U.S. blacks try to turn pride over Obama into gains
By Alyce Hinton
CHICAGO (Reuters) - Black American community workers are wrestling with how to translate their pride over Barack Obama's presidency into tangible gains for a racial minority that often lags behind the rest of the country.
Community organizations in America's inner cities offer support to low-income people through soup kitchens, basic education, employment, homeless shelters and services for women and children.
Their role gained prominence during the 2008 presidential election because Obama made frequent references to his previous job as a community organizer in Chicago and argued it gave him insight into the concerns of ordinary Americans.
Many community workers say the election of the first African American president presents a unique opportunity but also a challenge: how to leverage the optimism generated by his example into something more than a few heartwarming stories.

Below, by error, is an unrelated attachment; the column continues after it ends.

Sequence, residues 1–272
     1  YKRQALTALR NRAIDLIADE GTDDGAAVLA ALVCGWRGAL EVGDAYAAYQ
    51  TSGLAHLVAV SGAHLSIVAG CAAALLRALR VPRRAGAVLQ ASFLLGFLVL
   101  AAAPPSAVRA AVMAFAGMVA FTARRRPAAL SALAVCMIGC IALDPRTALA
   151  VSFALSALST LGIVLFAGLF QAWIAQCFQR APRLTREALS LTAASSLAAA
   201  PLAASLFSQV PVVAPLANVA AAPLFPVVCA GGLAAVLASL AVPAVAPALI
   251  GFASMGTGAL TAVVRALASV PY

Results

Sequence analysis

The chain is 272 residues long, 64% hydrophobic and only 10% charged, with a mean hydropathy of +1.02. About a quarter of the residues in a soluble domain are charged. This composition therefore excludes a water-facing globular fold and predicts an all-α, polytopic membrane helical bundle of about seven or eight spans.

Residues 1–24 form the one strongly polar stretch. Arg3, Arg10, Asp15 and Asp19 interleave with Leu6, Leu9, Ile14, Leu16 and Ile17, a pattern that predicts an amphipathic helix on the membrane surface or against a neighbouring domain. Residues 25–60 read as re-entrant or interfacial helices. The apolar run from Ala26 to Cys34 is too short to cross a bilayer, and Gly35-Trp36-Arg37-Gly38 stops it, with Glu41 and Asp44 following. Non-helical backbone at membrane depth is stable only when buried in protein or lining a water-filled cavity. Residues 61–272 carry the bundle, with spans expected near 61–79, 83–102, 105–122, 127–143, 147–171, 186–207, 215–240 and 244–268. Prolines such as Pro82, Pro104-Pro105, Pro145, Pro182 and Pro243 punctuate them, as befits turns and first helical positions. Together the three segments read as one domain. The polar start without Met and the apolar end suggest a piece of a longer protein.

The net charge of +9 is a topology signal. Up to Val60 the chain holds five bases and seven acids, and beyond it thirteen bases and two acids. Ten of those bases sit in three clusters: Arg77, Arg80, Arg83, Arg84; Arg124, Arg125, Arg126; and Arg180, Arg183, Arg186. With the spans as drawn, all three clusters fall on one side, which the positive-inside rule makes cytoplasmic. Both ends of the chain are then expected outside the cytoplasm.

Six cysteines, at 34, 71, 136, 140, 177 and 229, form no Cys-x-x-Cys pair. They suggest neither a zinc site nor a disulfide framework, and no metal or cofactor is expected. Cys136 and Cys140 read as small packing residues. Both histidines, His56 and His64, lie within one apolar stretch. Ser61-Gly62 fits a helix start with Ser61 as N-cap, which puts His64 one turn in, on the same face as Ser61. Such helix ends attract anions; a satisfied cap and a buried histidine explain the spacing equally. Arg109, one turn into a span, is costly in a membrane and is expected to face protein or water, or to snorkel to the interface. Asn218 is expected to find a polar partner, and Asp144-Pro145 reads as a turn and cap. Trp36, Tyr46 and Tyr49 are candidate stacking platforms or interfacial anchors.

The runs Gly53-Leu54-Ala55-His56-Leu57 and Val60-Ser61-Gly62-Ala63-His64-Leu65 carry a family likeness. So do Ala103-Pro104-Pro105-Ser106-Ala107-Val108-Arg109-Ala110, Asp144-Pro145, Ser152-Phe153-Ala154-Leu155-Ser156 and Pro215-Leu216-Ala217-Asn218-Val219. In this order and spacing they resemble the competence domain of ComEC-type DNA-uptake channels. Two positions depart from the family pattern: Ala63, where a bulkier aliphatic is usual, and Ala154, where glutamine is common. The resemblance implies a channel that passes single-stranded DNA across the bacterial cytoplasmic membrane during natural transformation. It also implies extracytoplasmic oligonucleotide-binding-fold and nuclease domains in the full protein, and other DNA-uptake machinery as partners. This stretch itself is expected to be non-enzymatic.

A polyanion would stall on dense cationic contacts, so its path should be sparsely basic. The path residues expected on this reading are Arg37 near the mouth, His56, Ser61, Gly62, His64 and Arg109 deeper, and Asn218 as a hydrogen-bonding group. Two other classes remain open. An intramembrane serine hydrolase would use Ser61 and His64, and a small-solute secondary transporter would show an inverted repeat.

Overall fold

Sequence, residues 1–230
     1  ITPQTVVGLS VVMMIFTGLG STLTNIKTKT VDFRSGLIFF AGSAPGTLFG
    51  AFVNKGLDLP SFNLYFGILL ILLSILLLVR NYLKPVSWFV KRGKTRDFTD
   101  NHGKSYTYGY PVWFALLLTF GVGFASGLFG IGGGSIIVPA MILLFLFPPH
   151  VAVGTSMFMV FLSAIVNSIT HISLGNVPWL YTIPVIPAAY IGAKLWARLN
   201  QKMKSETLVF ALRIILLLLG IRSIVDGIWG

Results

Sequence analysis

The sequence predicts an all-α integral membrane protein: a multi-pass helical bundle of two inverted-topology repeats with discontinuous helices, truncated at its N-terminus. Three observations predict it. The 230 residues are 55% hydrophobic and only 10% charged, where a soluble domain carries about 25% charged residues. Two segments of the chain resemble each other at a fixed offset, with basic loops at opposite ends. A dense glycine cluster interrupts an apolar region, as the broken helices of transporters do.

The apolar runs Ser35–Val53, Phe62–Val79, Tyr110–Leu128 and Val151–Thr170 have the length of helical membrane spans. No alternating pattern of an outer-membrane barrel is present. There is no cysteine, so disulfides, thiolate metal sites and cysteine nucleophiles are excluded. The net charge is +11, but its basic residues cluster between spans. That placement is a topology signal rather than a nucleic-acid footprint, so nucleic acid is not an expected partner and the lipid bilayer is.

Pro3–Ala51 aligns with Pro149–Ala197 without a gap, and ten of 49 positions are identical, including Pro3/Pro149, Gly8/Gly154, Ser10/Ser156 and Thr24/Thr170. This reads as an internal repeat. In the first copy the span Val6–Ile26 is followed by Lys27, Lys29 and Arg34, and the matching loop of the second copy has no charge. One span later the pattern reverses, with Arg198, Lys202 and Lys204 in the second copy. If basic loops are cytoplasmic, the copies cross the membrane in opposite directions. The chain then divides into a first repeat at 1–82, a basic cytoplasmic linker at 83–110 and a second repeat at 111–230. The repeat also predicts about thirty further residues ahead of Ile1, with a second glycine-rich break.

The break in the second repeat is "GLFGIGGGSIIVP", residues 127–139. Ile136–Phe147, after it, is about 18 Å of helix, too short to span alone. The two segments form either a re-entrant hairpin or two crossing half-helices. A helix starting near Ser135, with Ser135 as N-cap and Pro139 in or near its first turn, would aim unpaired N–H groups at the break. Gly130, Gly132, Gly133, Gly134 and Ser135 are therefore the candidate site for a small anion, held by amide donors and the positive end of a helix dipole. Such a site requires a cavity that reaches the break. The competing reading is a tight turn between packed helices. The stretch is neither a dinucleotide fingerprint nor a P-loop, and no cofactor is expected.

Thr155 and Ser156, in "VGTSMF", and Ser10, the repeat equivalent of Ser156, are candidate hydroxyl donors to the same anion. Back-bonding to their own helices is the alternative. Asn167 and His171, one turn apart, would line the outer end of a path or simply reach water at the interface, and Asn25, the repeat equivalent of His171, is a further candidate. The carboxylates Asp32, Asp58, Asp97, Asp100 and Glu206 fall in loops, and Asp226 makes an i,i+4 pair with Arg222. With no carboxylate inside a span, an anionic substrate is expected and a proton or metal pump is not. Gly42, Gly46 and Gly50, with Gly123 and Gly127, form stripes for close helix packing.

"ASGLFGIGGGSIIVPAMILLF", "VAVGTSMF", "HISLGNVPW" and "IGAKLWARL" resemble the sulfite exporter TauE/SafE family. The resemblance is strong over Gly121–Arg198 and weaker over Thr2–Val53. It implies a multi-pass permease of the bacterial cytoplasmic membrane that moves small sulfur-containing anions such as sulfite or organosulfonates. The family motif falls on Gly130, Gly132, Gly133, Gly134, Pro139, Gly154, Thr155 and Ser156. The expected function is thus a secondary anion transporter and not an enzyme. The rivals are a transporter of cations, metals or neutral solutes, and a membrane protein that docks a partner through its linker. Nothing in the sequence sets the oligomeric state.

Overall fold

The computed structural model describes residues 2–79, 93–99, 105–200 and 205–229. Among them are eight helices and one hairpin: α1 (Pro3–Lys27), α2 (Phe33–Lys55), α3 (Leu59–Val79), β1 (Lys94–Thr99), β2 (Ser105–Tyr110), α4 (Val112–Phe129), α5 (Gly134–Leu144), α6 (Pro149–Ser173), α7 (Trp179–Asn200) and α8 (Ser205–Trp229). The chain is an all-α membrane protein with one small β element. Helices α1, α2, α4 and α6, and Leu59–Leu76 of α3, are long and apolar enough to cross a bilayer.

The challenge is made more acute by the worst U.S. recession in decades, which researchers say has hit blacks harder because they have fewer assets, higher levels of unemployment and lower incomes than the national average.
That has increased demand for services among many charities serving African Americans while placing pressure on funding.
Interviews with community group leaders in U.S. cities show a mixed response to the question of whether Obama's leadership was making a difference to their work on the ground.
Entrepreneur Frederick Moore, who financed a shelter for 20 homeless men in greater Chicago, said Obama's election vindicated his initial commitment and had prompted him to rededicate himself to a project started years earlier. Continued...